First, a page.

Setting up an Ecommerce store? You’re going to need a payment gateway to manage customer payments! Choosing the right payment gateway is super important to ensure the shopper’s check out experience is smooth and seamless. Many businesses spend a lot of time and money on hosting, design and build, but forget about the importance of creating a streamlined check out process that doesn’t frustrate your customers. Your website’s payment gateway is a huge contributor to the customer’s check out experience. So, what is a payment gateway and which one should you use for your website…
What is a payment gateway?
A payment gateway is an e-comm application service that allows you to safely charge customer’s credit and debit cards (i.e. take payment) It’s a third party between you and the buyer.
Did you know that the typical shopping cart abandonment rate is 80%? That’s a lot of people leaving your website before they’ve made a purchase. A fair chunk of these people leave because they either don’t trust the payment options or, your website does not offer a variety of payment options. It’s for this reason that your website needs a trustworthy payment gateway that offers your shoppers flexibility. Source
What are the best payment gateways?
PayPal is like an old trustworthy neighbor. You know he’s always going to be around and everyone knows and loves him.
PayPal has a high conversion rate because it is so well known and recognised. People know it, trust it and therefore do not hesitate to check out when they see PayPal as a payment option.
- It shouldn’t take more than 15 minutes to set up – here’s how to add a PayPal button to your website.
- They offer a range of solutions for small or large businesses, so you can pick the best option for your business. View PayPal solutions here.
- The only downside of PayPal is that it takes people away from your website when they check out (ideally you want to keep people on your site to continue shopping), however, you can upgrade your account to keep the transaction process on your website.
If PayPal is an old trustworthy neighbour, Stripe is the wealthy Jones family who live in the biggest house on the street. Stripe’s functionality and features are extensive and advanced and support major websites like Slack and Pinterest. While this ‘look at us’ platform offers more, it actually charges less than PayPal. Some key pros of Stripe:
- It’s easy to set up reoccurring and subscription payments.
- You can build and dispatch discount codes.
- It has comprehensive, but palatable graphs and stats of sales.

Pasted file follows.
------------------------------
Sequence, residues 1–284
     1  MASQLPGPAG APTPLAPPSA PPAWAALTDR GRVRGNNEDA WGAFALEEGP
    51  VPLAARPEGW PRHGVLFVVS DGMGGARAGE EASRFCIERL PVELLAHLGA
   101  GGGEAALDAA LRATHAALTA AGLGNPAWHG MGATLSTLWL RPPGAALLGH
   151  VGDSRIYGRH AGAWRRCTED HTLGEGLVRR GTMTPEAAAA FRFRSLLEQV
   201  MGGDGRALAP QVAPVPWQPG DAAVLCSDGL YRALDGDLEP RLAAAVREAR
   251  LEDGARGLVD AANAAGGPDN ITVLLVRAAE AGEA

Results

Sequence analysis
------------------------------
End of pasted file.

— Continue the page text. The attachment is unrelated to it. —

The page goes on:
- Seamless checkout experience.
There’s really only one major con to Stripe and that’s their cancellation policy. Stripe monitors the activity of all its users 24/7. If it deems your website to be suspicious, it cancels your subscription without notice. This would be a big problem for a large Ecomm store who would cease to accept payments from potentially large amounts of traffic.
There’s no doubt that WePay is the hipster of the neighbourhood who takes residence in a studio attached to someone else’s house. WePay prides itself on being super flexible and customisable for each website’s customers. The payment portal can handle complicated payment requests and has an option for split payments (charging multiple people for one transaction) The ever hip company also offers modern payment options like Apple Pay and Android Pay. As far as we can tell, the only con of WePay is that they don’t offer a free trial. They’re that good!
Amazon is quite obviously the wise old man who sits on his porch offering mind-blowing advice to passersby. Amazon has over 25 years of experience in building customer-centric solutions that put the customer first. Their ability to constantly shift and adjust to customer needs is what makes their offering so strong.
- Like PayPal, Amazon is a well known and well-trusted payment portal which helps keep your check out conversions high.
- Integration is fairly straight forward through the Amazon API and payment options can be customised to suit your site.
- Amazon adjusts well to multiple devices, meaning you’ll never have drop-off because someone decided to shop on their phone or tablet.
- Like WePay, the only real con of Amazon is that they don’t offer a free trial. Their user interface is also a little archaic.
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